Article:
Hedge funds gained 0.34% during the month of March, bringing its first quarter performance to a gain of 2.29%. Meanwhile underlying markets as represented by the MSCI AC World Index (Local) gained 0.79% during the month, with first quarter gains of 5.06%.

March was marked by investor scepticism over the Trump administration as proposed healthcare reforms to replace Obama’s Affordable Care Act did not meet intended outcomes. This led to an overall cautious sentiment in the market over the administration’s ability to deliver reforms in other sectors as promised during Trump’s campaign. Aside from developments in the White House, the Fed has delivered on market expectations by raising the interest rate in March though the pace of interest rate hike remains largely unchanged at an average of three rate hikes for the year. Outside of the US, the triggering of Article 50 has kick-started the official Brexit process. Strength in the Eurozone inflation rate has also propped up expectations of tightening from the ECB, which could see a convergence of monetary policy outlook for the world’s major central banks in the next 12 months.

Below are the key highlights for the month of March 2017:

  • Hedge funds gained 0.34% in March with underlying markets, as represented by the MSCI AC World Index (Local) up 0.79% over the same period. On a year-to-date basis, managers gained 2.29% while underlying markets were up 5.06%.
  • Among developed mandates, European hedge funds were up 0.73%, followed by North American peers with 0.48%. On the other hand, Japanese counterparts retracted 0.74% for the month. On a year-to-date basis, European managers reported 2.12% gains followed by North American and Japanese managers who posted returns of 2.10% and 1.15% respectively.
  • Distressed debt hedge fund managers posted the steepest decline this month, down 1.21% followed by CTA/managed futures and macro mandated hedge funds which retracted 0.77% and 0.18% respectively over the same period.
  • Emerging market mandates were up a modest 0.60% for the month with strength led by underlying Asia ex-Japan mandates. Frontier markets, as represented by the Eurekahedge Frontier Markets Hedge Fund Index is up 1.50% for the month.
  • The Eurekahedge Long Short Equities Hedge Fund Index gained 1.07% during the month with strength led by underlying equity long-bias hedge funds which gained 1.51% over the same period. Long/short equities managers outshone other strategic mandates to post the best Q1 2017 returns, with gains of 3.87%.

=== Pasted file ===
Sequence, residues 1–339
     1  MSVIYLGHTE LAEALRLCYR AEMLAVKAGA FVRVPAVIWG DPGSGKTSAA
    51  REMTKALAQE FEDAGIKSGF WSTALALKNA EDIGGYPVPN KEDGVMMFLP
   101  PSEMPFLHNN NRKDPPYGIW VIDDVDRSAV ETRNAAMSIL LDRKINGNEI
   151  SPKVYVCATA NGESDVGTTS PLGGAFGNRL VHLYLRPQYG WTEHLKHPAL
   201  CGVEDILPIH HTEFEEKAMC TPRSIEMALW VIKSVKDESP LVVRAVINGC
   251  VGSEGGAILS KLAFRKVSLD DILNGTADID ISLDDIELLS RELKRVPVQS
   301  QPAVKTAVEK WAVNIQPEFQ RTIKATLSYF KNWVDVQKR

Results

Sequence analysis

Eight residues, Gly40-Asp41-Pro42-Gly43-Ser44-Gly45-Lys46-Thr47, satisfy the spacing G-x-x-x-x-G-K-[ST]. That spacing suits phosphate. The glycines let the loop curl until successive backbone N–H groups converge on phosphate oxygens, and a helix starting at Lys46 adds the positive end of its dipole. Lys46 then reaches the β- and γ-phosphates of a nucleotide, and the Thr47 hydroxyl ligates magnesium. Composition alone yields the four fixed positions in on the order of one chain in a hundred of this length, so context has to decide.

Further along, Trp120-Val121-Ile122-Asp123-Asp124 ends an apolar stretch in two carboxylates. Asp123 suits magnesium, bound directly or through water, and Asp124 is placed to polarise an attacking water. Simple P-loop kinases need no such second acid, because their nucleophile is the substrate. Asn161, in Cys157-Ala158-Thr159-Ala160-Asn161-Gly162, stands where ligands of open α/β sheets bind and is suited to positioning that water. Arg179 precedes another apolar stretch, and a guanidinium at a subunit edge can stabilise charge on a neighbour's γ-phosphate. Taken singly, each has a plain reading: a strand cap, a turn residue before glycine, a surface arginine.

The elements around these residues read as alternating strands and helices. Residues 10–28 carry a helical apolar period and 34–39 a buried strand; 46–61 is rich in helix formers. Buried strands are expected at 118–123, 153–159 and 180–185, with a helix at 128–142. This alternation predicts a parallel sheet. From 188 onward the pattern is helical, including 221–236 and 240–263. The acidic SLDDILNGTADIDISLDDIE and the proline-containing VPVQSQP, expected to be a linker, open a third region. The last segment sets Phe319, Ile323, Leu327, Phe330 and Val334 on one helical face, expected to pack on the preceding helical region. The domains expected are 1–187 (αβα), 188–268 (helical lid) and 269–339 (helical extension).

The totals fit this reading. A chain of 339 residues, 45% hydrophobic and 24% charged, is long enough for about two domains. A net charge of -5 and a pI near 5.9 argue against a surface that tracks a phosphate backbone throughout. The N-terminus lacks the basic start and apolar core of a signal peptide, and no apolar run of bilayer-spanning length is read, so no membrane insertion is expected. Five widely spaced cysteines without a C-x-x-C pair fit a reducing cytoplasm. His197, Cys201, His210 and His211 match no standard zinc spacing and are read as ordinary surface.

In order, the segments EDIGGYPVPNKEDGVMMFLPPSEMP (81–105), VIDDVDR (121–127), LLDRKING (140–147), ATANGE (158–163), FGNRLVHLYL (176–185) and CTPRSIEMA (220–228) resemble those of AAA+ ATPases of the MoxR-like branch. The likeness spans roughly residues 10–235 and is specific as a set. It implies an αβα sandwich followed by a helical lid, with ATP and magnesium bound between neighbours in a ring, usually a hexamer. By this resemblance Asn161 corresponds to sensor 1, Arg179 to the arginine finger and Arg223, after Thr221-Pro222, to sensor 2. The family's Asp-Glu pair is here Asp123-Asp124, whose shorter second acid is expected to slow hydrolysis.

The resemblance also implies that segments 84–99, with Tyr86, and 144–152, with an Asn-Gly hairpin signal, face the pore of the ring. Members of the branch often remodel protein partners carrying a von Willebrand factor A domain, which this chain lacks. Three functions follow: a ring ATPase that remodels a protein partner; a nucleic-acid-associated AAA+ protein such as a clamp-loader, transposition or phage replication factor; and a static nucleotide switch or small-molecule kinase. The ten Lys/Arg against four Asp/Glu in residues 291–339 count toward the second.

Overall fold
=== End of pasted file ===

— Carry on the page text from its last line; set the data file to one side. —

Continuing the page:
• Asia ex-Japan mandated hedge funds outshone regional peers, gaining 1.57% during the month. Underlying Greater China and India hedge fund managers up 1.82% and 4.36% over the same period respectively. On a year-to-date basis, Greater China and India mandated hedge funds posted impressive gains, up 6.87% and 11.27% respectively.
  • Among volatility-focused hedge funds, short volatility hedge funds topped the table for March, gaining 1.43% while long-volatility hedge funds posted the steepest decline, down 2.02%. On a year-to-date basis, short volatility hedge funds gained 3.38% while tail risk hedge funds were down 4.74%.
Main IndicesMar 20171Last 3 Months2017 Returns2016 ReturnsAnnualised ReturnsConstituentsWeighting
Eurekahedge Hedge Fund Index0.342.292.294.498.89%2,791Equal
Eurekahedge 500.472.492.494.275.57%50Equal
Eurekahedge North American Hedge Fund Index0.482.102.107.909.61%633Equal
Eurekahedge European Hedge Fund Index0.732.122.120.177.23%307Equal
Index of the MonthMar 20171Last 3 Months2017 Returns2016 ReturnsAnnualised ReturnsConstituentsWeighting
CBOE Short Volatility Hedge Fund Index1.433.383.385.098.88%16Equal

Main Indices

Eurekahedge Main IndicesMar 201712017 Returns2016 Returns
Eurekahedge Hedge Fund Index0.342.294.49
Eurekahedge Fund of Funds Index0.382.04-0.14
Eurekahedge Long-only Absolute Return Fund Index1.606.447.68
Eurekahedge Islamic Fund Index1.203.134.44

Regional Indices

Among regional mandates, Asia ex-Japan mandated hedge funds posted the best gains for the month, up 1.57% followed by European managers who were up 0.73% over the same period. Among strategic mandates, long/short equities hedge funds gained 1.07% followed by event driven hedge funds with 0.54% over the same period. Distressed debt hedge funds posted the steepest decline, down 1.21% for the month.